The Yalta Conference Cloak
The photos of the Big Three at the Yalta Conference are well-known, but have you ever looked closely at what FDR was wearing?
In contrast to the double-breasted coats worn by Winston Churchill and Joseph Stalin, Franklin D. Roosevelt wore a distinctive wool and velvet cloak during his trip to the Crimea, Ukraine, in February 1945.
The garment is a U.S. Navy regulation officer’s boatcloak. President Roosevelt’s was made at the Naval Clothing Depot at the Brooklyn Navy Yard in New York City in August 1942. It is a standard officer’s boatcloak, ordered and unaltered for FDR’s use.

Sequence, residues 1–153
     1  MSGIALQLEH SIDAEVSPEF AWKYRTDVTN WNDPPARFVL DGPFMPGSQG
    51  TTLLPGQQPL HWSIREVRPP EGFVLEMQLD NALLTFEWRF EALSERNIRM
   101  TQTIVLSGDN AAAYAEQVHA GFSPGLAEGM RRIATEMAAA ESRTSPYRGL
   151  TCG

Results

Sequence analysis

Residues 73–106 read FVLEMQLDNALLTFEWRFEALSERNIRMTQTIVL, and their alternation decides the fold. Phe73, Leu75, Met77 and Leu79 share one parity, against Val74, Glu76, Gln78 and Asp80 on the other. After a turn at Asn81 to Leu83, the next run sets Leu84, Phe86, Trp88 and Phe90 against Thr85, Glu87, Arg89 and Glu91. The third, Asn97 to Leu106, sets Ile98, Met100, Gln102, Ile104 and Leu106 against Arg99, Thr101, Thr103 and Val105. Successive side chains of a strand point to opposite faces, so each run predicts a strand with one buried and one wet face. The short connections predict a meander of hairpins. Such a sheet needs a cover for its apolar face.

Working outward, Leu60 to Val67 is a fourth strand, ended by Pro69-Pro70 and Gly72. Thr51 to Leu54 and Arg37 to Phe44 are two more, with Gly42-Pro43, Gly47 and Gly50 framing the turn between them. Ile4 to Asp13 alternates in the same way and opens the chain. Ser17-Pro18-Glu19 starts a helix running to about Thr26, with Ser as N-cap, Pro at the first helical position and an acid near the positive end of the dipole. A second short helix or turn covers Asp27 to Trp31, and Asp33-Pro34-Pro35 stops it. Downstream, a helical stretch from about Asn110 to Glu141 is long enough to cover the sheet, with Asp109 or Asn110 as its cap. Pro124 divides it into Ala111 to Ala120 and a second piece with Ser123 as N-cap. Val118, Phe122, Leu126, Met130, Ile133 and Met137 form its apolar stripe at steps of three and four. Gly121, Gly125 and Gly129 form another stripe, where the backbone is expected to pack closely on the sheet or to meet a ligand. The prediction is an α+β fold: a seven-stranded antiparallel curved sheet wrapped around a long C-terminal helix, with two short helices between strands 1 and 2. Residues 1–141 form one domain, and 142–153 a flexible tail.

The cloak is designed to be worn during movement by a boat to protect the wearer from the cold and his clothing from the effects of spray. It opens at the front and is fitted with two frogs (knotted lengths of braided cord), which engage to secure the cloak closed. The relative ease with which such a cloak could be put on and taken off made wearing it an attractive alternative to a more conventional garment—especially for someone whose ease of movement was hampered by the effects of polio.
Roosevelt wore similar boatcloaks during other trips he made during his Presidency. The image of FDR in these cloaks is one of the most enduring of the war years.
Photo Gallery -FDR meets with the Big Three, the Emperor Haile Selassie of Ethiopia, and King Ibn Saud of Saudi Arabia during his Yalta Conference Trip
-from the FDR Library